Bereavement support

St Richard’s Bereavement service offers confidential support for anyone who has experienced the death of a close relative or friend. Our specialist service is part of the Family Support Team, which provides comprehensive support for adults and children.

The death of a close relative or friend can be devastating and can bring about stronger emotions than we have previously experienced. For some people grieving starts at the time of death and for others it starts at the time of diagnosis. Grieving is a normal process following bereavement and can affect people in different ways – whether emotionally, physically, socially and in many practical areas of life.

It can be a confusing time with mixed thoughts and emotions. The world with which we were familiar has changed and as with any change, it is often difficult to get used to a new situation. Some people may not show or feel any emotion at all. For others, it can be experienced immediately or later – there are no set time scales. There is no right or wrong way to be following bereavement and everyone’s experience is unique.

At St Richard’s we recognise that many people are able to grieve with support from family and friends coping with death as a normal, but hard, part of life. However, some find it difficult and may find it helpful to share feelings and experiences with someone from outside their immediate circle.

Our Family Support Team is made up of a number of skilled professionals including accredited counsellors, experienced social workers and a team of highly trained Family Support Volunteers. Our services are free and confidential and you can choose to access them at any time.

If you would like to speak to us about accessing bereavement support, please call our Gateway Team on 01905 763963.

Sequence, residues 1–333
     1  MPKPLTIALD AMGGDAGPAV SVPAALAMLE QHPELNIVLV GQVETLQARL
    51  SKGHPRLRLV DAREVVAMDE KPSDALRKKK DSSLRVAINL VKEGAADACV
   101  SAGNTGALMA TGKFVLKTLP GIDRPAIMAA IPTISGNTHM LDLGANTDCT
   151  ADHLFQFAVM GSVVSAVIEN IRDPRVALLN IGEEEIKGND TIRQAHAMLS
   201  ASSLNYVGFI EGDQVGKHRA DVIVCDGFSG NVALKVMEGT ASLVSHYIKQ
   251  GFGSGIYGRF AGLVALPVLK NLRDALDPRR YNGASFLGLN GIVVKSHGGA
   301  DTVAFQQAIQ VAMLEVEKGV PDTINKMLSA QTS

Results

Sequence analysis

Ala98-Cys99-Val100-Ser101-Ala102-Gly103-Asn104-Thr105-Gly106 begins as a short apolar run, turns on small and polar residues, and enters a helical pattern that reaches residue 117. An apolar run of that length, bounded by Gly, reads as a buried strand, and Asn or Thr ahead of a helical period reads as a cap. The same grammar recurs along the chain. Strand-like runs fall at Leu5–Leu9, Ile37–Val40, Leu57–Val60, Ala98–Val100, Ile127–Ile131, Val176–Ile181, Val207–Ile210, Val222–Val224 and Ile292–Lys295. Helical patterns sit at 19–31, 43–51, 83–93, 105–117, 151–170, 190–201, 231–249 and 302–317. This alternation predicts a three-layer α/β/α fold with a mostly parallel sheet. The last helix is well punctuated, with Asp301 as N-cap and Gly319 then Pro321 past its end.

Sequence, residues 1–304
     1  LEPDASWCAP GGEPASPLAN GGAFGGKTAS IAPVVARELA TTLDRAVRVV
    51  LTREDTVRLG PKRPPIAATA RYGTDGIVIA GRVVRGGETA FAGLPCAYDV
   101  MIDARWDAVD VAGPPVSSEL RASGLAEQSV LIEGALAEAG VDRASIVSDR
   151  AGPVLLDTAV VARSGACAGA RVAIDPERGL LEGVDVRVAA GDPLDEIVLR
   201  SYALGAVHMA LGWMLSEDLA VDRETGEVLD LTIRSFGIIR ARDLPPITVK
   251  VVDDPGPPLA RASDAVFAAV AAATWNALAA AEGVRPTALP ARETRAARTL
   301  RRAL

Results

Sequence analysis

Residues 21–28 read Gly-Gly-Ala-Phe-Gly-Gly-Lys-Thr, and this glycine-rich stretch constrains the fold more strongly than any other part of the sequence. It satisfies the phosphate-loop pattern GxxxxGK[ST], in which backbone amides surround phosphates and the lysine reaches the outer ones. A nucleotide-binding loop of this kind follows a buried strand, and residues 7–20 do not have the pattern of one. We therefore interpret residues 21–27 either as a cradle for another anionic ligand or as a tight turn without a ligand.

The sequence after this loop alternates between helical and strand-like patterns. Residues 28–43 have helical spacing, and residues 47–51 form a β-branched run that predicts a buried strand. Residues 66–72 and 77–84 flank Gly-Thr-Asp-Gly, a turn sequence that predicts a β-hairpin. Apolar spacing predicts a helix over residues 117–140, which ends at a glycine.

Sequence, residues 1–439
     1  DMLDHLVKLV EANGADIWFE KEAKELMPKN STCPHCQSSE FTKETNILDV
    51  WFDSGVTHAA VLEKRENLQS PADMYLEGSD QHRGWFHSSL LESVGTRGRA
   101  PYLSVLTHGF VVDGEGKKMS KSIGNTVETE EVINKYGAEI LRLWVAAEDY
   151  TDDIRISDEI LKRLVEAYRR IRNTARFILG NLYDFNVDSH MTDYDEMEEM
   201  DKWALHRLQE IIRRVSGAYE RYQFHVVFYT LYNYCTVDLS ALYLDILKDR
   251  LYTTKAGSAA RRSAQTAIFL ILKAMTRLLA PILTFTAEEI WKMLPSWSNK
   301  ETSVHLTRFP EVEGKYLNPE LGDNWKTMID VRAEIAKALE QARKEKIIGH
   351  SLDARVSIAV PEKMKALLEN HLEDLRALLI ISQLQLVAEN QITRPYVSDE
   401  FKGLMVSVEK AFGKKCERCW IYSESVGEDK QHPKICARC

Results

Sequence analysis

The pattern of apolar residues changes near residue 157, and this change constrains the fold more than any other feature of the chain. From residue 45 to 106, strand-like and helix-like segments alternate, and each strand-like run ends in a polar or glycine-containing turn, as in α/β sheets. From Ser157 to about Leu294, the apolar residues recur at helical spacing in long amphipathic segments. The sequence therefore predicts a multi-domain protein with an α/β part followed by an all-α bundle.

We have developed a range of different services that can be tailored to provide you with care and support to meet your specific needs. These include:

Telephone Support:

You can receive telephone support from our Family Support Team which can be arranged to suit your personal needs.

One to one support:

This is personal support where you meet with either one of our Counsellors, Family Support Volunteers or Family Practitioners, depending on your individual needs and circumstances.

Group support for adults:

We offer various types of bereavement groups. These include therapeutic groups which meet a couple of times a year for a number of weeks, to identify ways of coping and to support each other. We also host an informal social group for those who wish to meet others who have experienced similar losses and meet up for a drink and a chat. Groups run either face-to-face, or virtually by video call.

Groups for children, young people and their parent or carer:

We run a group for bereaved children, young people and their parent or carer. Families benefit from professional and peer support, meeting people in a similar situation and with similar issues.

Group members must be known to St Richard’s Hospice. Groups run either face-to-face, or virtually by video call.

Bereavement Support South Worcestershire

Bereavement Support South Worcestershire, run by St Richard’s Hospice, offers various types of bereavement support.

We offer support for any type of bereavement, but we very often work with individuals and families who have experienced traumatic and unexpected loss.

Find out more about Bereavement Support South Worcestershire

Bereavement webinars

Hear members of the Family Support Team at St Richard’s Hospice explore grief and bereavement. Learn about the symptoms of grief, and listen to the team discuss ways of coping with bereavement.

Self care through Christmas

Join Nikki Butterworth, Family Support Practitioner, and Sarah Bruce, Community Chaplain, for a webinar exploring the difficulties Christmas can present to someone who is grieving.

Learn tips on how to cope through the festive season, and join Sarah in a mindful meditation session.

Captions for this video are available on YouTube.

How to comfort a loved one whose parent has a serious, progressive illness

A parent dying is sadly something that many of us will have to deal with during our lifetime, but despite how common this is, we often struggle to know how to comfort someone who is experiencing the death of a parent.

Grief can take many forms, and the journey following the death of a parent will be unique for each person. Read an article with advice on ways you can help support someone in this situation.